general! v, Including inerhaiileul Invention,
design patents, trade murks, lalMda.ropy
rights, interferences, Infringement, valid'
lly report, and gives especial attention to
rejected eases, it is also prepared to enter
tntoeoiuiH'titlon with any linn in securing
Write for luxtructiou and advice.
JOHX Vt UIMLKIU KN,
i;ls F Mtreet,
Washiiiglon, H. I .
p. o. rtox
aX3 DUV THSfcs,
TK: BEST IS THE CHEAPEST.
mor.il l ka wni ro vniun q, a, Tm
for i. jf prlxe game, "Blind Laek," ana
win a Mew Home Bewlng Maehme.
The i jew Home Sewing Machine Co.
2B mm oOUARtiry.a--
hi- 'osr'fe sau
o.ujo?' FOR SALE BY .
New HfiMR Rewi.vh Machine Co.,
103 N 11th St., St. Louis, Mo.
Limits his practice to diseases of the
(Such as Loss of Memory, Feeling, Mo -
tion and Will-power, Crumps, Fits, (h n -
eral JJervousnetw, and all forms of
(As shown hy Shortness of Brenth,
Pain, Pn I ji tut ion, Fluttering and Numb-:
ne in region of the Heart.)
(Such as Skin Wseoses, Ulcers, Exces
sive Pnleness or IWIncas of the Face,
Faintness, Lir.ziness, etc.)
AODRCaS WITH STAMP:
152 O 8T - LINCOLN, NEB.
S.Yjenllon till iler.
m THE mSTRIOUS.
If yea waal work that I pleaauit sad proiuble,
leaeayearavldfeMliaHMsllatrli'. W tracli Mire
hum to ears Iruin W4W per day ia
per year ulst having bad prevloat
f iiarkao, sud f ursl.b I be euiiilot meat al whlra
lasy sse aiac that smusui. Kothhii
i illflesll lu
that rruulre wnali lime.
flir k Is
easy, aasltky, ssd Imiaar
leg eayllme or ersnlng.,
hoiaarable, M sse be dm wear.
rlrlit la jourown hiral-
v iv aV ai mis. a aii w
1351 is, .fo- i
It jr. wherever yne lira. TIM reaalt af a fsw
fceeaV work en eej Is a wVa aragaa,
Wa a laagtil Iboaasiidi of bath arse sad all
age. ss4 aaviy hv laid foaiHtallfim that IU
amy bring I beta rteliaa. Some of Ike aaiartaal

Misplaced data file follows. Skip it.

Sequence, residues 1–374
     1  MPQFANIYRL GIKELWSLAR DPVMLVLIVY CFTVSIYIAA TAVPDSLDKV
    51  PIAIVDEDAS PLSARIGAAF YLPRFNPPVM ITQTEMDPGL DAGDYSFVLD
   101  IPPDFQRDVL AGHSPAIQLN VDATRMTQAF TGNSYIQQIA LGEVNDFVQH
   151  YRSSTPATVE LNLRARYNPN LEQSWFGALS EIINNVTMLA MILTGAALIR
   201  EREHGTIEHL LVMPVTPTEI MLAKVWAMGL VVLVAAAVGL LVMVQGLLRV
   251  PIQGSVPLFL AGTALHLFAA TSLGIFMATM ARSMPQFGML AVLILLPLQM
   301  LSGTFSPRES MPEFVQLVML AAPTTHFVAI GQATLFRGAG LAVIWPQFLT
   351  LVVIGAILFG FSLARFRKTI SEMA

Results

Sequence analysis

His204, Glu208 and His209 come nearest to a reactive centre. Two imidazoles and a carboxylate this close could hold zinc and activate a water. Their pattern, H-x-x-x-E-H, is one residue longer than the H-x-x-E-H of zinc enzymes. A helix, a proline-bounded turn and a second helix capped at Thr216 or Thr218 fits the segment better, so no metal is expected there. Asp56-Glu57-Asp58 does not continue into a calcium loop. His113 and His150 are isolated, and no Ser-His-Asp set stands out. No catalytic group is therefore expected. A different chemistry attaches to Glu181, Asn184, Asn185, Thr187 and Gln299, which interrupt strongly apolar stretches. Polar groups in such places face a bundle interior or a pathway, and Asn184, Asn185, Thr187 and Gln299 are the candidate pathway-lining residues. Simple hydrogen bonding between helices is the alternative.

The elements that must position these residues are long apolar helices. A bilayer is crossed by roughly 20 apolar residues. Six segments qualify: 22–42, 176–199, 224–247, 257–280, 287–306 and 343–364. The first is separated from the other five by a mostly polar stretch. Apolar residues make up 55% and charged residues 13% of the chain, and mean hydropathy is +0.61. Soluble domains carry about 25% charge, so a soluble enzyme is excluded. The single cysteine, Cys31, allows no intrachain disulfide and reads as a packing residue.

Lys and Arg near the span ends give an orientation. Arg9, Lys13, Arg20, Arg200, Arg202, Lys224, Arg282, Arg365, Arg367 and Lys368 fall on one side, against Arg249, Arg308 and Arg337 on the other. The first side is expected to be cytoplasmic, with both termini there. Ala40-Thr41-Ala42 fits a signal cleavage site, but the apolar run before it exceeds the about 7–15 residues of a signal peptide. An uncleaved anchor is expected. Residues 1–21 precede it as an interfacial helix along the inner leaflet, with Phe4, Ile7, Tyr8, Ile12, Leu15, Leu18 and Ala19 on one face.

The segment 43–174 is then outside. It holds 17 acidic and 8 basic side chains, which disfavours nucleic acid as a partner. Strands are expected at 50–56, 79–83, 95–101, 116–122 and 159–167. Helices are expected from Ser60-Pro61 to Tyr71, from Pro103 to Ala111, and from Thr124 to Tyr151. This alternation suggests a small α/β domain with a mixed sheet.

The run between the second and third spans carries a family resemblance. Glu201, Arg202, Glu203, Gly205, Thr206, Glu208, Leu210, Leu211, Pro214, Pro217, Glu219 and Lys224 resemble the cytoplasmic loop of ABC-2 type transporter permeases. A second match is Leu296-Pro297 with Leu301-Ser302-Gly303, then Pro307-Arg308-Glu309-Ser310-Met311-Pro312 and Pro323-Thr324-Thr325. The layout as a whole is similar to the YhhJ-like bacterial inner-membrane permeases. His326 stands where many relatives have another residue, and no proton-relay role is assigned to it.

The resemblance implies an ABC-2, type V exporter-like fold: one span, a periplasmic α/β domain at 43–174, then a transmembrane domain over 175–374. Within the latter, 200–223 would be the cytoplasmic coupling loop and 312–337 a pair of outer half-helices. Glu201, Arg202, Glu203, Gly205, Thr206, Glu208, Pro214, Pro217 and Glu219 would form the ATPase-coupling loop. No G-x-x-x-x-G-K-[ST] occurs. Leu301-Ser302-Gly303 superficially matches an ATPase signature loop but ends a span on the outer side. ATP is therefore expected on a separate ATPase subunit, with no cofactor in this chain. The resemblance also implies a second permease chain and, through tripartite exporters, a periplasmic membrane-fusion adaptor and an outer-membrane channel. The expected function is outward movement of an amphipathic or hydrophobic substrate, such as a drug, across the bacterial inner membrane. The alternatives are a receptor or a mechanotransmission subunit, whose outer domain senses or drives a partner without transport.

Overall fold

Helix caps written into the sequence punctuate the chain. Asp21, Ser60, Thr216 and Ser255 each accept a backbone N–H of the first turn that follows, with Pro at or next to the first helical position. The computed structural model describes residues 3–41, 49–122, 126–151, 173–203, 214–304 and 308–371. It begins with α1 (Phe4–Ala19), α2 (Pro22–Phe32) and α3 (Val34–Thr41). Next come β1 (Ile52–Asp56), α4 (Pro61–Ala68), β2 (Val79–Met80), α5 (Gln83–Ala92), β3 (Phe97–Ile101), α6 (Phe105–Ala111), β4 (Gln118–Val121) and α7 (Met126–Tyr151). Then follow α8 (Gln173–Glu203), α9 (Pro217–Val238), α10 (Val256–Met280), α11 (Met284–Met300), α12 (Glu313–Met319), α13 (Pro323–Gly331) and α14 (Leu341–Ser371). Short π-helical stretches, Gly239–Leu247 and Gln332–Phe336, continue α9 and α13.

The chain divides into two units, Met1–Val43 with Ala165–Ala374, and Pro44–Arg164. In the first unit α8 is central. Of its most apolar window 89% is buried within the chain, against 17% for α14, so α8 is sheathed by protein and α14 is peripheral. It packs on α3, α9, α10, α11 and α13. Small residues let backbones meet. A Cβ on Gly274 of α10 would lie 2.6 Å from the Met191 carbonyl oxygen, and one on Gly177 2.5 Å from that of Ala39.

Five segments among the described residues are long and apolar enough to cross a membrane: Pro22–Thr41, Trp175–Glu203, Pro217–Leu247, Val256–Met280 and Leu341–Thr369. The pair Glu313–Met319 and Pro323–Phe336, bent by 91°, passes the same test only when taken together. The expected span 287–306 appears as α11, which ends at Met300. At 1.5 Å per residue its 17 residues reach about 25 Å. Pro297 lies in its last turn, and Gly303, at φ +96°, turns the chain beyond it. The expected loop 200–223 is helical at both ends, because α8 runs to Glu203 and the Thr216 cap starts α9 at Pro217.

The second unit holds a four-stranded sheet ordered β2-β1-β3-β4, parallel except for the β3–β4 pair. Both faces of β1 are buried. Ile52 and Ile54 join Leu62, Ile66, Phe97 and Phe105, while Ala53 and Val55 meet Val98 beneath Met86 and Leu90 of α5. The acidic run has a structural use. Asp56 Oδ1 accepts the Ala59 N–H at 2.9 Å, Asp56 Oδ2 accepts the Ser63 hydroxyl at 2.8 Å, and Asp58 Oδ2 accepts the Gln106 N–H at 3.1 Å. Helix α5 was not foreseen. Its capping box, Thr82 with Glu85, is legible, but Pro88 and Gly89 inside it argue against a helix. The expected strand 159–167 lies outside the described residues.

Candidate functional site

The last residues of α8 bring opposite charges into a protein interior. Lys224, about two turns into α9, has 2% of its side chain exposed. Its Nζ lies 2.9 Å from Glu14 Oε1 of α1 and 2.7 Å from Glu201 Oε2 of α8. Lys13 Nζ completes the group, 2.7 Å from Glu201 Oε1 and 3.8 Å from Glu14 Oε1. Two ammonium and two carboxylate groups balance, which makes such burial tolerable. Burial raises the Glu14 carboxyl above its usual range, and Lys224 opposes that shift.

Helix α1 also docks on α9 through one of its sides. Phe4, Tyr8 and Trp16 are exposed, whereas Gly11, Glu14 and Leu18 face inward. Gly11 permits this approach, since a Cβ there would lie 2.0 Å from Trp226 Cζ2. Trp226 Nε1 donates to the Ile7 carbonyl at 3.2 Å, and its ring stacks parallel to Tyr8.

mea hi tal enestry owe their .neeew la life le
the Mart gives lliera while la nor erapliiy yenrt
age. Voe, reader, may do a wellitry It, Yoa
saaseC tell. Me eaplial aeeeaaarv. We It yna eat
srlth sesaathlag that Is Sftw, aelM. aad ears. A
taaMtWsssfal el sevle I free le all. IMproer.
ssM by wrttkae Mr M ta-aay-set la antra,
c. a ALLCn A CO..
I OFFICIAL DIMCCTORV.
! IT ATE OKFIf EB"4:
' 1.0111" t'roqi" ....(.overnaV,
T.J. !... I.lentnant tlovenmr
J. r. Alli- , --r-tir)r uf Mute
tiigcur MHr Auditor
JiMrpti . llaitlry ..Trramurnr
ti. H.Ha.Unf- Attorney Linrl
A. K. Iluiuihr-y .....linit Cuininlalpi,rr
; A. k. tioqdv. ....... ."upt. I'ubiir In .true U.ii,
tllX'.KKlO! A I. I'M.JttiATHiti :
-t:. F. Manili-raun...
H to. V. Allen--.. ..
....1, S. SonHtur, Oinnlia
W.J. Bryan, (uiigieainuii ).t lil., JJ;icolu
It, 11. Mfwr,
U. 1J. Mrikli-Jolin
( K. J, lialnrr,
1 W . A. McKtrghan,
: U. M. ami,
Id - Umah4
l - rallrrtoa
tin " Aurora
tth - KadUond
f ill Broken Row
ji nn iaiit;
! S. Max a el! I'liief Justice, lrliiin
1 T. 1 Norval Aauutae Judtfe, sevafU
A. M. l'ot ,tMM'late Judge, t iiluiiibat
II. X. Campbell. .Clerk ami l(rHrtcr, 1 1 uvula
KlrTr.KJITII Jl I'H UL IHVTttHTl
V. I'. Klilknid , .Judge, O'Xelll
Alfrrtl lliii tow.... t liadroa
( on rid l.liidcmau... lrk, llrrl-on
OH NTV MtM Fits;
S. lisrker,... Connly Judga
Conrad I. Indsinsu.. .............. ..Clerk
M. J. duyhiirt ...Treasurer
A, S!iillWori),..,...-u)'t. I'ulillr lustriietioit
Thos, Heidy...... siipr,ir
leo. J, shalrr.. ..... omner
It. V. Thoiiiafc.......... ......... Surveyor
Conrad l.lndeiuun Clerk of liUuict Com t
II, T. Conley ....County Attorney
HOAIIO OK OVMI!ONM-
V. W. Knott (rliairinau)..
ItrnJ. F Johnson
: If. (i. Stta-nrt.. senator. Ilt So.H,t raw ford
J. I). rood...hp., Iil. o. .VJ, Hay rprings
; I., E. llelden (chairman) Trtil
', C. K. Verity
J. W. seott
II. A. Cunningham
I W- l'vl. "..Clerk
JG. Guthrie 1 reanuror
j J. I. nvl street C ouimiaslouer
j W'IKXIL. OFFICERS:
Mrs. Z. (i. Hough Director
J. E. Mnrtcller u,i.....
;" w- ""tr Treasurer
jlltrlct Court,-At Harrison, commence
j April IStli and November lt, "laftt
Loun, at Harrison, commence
first Monday of each tnontb.
cut :hciies AD SIXIETIKS.
M. K. Church rreachlng each altameto
suailay at II Jo a. m., and every Sunday even,
iugat;:J0. Itsv. W.O. GLEiSNSK, I'aater.
Kplaeopa! serylce on the fet'ond Wednes
day of each month, at 7 o'clock p.m. Com
munion at I p. ni. Cm. E. fisAvatT.
Methodlat Sunday School mecU every Rao
day morning at 10 JO.
Mas. w. o. GLASxta, W. H. Davis,
co ohjts ivomn
0F DOOS FREE-1
iORAHGE JDDD FARDER, j
S CHICAOO. S
0 WEEKLY-flJOO A TEAB.
' ( (
; ( '
! . ,
AVD IDfRD n AO Iff.
TAMES STRONG JJUDD.
A Choice of Hts Fits Bocks S
aasraa. AHi raaZ taria
at -cy P" ewnaMs sa Ufig al W
5 ORANGE JUDD FARMER
r mQVX COUNTY 40UHMAIL
r I0TN Oss Yasr lar HUO. S
eeod Sutieeriptlaa. te tlas oium, m
the cause q
, Are you witling to work for the rntue
f Tfutcctiun In placing re"j'.-! inlor.
maUon in tho hands of your acuain
If you are, you should lie klentlAeU
Protective Tariff league.
im w. aao St., New ym.
Oat Ms sase wat saal ttwa w the Laaasa
' AadkUny Practical Men Wosaea,
W Jaanalafliak&aiBtaaaaa al
.!. 11 laalaaal.
. vy, f Mtfm-